Better End-Use Monitoring

SAWG urges the U.S. government to dedicate more energy to monitoring the end-use of U.S.-origin weapons, especially small arms and light weapons. End-use monitoring programs should become more transparent, by increasing reporting on their activities and publicly identifying individuals or companies violating, or attempting to evade, U.S. arms export controls. The U.S. government should also look to new technologies to enable better tracking of exported weapons and disablement of diverted weapons.

Currently, U.S. programs and agencies monitoring end-user compliance focus most of their efforts on exports of sophisticated weapons, spare parts, and dual-use goods. More attention should be paid to the oversight of U.S. transfers of small arms and light weapons. Diversion of these lower-tech weapons can pose threats to U.S. security and innocent civilians overseas, arming terrorists, narco-traffickers, or other criminals. They can also be misused by the intended recipients, fueling conflict or enabling human rights violations. Section 40A of the Arms Export Control Act specifically calls on the President to ensure monitoring of weapons that are "particularly vulnerable to diversion or other misuse." Increased personnel in the Office of Defense Trade Controls and a new end-use monitoring post created in the Defense Security Cooperation Agency (DSCA) should provide sufficient resources to undertake this task.

End-use monitoring activities undertaken by the Departments of State, Defense, Commerce, Justice, and Treasury and the intelligence agencies should be better coordinated and more transparent. The annual report in the Congressional Budget Justification for Foreign Operations required by Section 40A of the Arms Export Control Act should describe in greater detail the organization, activities and staffing levels of Department of State and Defense offices responsible for monitoring end-user certificate compliance. The activities of other agencies that may be involved in investigating diversions should also be described.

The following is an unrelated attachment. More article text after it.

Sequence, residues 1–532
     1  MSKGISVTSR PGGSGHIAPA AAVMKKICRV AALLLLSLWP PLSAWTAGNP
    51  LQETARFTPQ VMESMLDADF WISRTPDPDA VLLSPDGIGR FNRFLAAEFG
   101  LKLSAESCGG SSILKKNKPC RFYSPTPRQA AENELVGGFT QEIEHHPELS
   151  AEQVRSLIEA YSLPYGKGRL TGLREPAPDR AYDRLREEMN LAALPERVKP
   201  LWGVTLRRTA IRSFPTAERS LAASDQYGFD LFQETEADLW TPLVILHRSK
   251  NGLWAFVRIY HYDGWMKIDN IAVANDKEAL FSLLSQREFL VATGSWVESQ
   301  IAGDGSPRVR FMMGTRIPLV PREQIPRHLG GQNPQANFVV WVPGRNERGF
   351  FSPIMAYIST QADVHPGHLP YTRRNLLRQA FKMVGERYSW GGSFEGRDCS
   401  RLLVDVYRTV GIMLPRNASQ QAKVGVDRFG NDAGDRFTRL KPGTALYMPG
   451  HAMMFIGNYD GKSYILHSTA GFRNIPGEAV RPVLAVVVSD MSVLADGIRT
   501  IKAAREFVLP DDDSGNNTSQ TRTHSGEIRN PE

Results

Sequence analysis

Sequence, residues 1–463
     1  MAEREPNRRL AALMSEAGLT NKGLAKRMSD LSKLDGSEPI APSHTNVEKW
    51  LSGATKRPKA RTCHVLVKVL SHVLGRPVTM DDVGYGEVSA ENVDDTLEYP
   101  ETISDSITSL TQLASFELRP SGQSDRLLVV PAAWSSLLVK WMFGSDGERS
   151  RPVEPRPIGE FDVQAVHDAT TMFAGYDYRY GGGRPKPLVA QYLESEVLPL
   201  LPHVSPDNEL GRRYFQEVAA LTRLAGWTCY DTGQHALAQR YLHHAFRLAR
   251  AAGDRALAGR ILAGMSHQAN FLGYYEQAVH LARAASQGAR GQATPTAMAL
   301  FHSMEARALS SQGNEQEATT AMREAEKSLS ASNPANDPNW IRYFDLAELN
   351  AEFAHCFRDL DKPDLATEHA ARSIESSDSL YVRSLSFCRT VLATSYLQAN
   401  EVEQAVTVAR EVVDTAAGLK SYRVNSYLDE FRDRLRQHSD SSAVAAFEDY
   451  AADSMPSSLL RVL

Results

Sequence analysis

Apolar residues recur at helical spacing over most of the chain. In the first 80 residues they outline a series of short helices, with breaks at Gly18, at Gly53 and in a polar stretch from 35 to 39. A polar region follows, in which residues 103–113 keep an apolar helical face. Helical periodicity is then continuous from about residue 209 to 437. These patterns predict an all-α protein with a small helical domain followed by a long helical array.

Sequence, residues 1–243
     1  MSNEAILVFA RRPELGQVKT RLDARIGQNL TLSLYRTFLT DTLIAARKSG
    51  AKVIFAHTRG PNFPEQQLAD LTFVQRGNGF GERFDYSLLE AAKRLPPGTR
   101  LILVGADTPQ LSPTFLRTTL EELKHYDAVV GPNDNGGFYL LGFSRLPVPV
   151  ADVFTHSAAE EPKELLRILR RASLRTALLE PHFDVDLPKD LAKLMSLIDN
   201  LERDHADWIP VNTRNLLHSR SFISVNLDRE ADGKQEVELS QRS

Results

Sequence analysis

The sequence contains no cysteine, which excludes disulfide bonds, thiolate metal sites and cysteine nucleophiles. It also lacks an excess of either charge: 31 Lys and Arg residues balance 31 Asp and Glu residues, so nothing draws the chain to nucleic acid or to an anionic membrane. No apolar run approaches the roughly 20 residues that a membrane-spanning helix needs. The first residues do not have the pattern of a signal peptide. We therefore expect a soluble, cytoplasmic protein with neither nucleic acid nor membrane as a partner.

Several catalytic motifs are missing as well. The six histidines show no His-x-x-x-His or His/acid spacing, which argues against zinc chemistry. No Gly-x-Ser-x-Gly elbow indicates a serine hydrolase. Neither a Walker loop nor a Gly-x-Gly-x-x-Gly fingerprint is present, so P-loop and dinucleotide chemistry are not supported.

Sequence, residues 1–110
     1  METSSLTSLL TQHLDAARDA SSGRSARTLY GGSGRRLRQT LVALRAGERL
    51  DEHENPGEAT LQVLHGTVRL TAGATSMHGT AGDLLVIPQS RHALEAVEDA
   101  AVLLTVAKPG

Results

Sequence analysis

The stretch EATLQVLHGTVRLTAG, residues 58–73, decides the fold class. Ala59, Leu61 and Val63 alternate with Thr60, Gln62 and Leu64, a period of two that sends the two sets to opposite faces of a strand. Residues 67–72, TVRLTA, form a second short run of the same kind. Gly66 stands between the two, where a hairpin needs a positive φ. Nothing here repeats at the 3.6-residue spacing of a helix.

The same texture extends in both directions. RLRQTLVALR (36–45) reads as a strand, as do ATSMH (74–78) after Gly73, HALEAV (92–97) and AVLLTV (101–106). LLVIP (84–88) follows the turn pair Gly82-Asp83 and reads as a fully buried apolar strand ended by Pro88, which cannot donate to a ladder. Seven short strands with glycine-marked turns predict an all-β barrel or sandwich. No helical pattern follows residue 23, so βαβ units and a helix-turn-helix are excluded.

In addition, the U.S. government could use more innovative methods to keep track of exported weapons and to make sure those that are illegally retransferred cannot be used by their new owners. One way the U.S. government could keep track of its exported small arms would be to equip them all with electronic chips that carry the weapon's serial number and other identifying information. The U.S. armed services have already begun to use this system (called Contact Memory Buttons) to help manage inventory more efficiently. By sharing this technology with small arms importers, the U.S. government could help recipients conduct better management of their inventories. Importers, in turn, should provide inventory reports back to the U.S. government to prove compliance with their obligation not to retransfer weapons without prior U.S. permission. The inventory management system could also be used to make sure U.S. weapons caches stored in the U.S. and overseas are not subject to theft.

If weapons are diverted, the U.S. government could prevent their long-term use by taking advantage of emerging personalization technology being developed for the U.S. commercial market. The weapons could have chips that would only work when in proximity to a radio emission. Or, in order to allow the weapons to be used by a larger group of soldiers, they could be implanted with a system that would require insertion of a code (or other enabling device) on a yearly basis. Importers would also benefit by knowing that in the case of theft, the weapons could not be used against them.

For More Information:

Tamar Gabelnick
Director, Arms Sales Monitoring Project
Federation of American Scientists
1717 K St., NW, Suite 209
Washington, DC 20036
Telephone: (202) 454-4694
Fax: (202) 675-1010
Email: [email protected]
Rachel Stohl
Senior Analyst
Center for Defense Information
1779 Massachusetts Ave., NW
Washington, DC 20036
Telephone: (202) 797-5283
Fax: (202) 462-4559
Email: [email protected]

The Small Arms Working Group (SAWG) is an alliance of U.S.-based non-governmental organizations working together to promote change in U.S. policies on small arms. SAWG members believe that small arms proliferation must be countered by more responsible policies on legal sales and international cooperation to reduce illicit trafficking.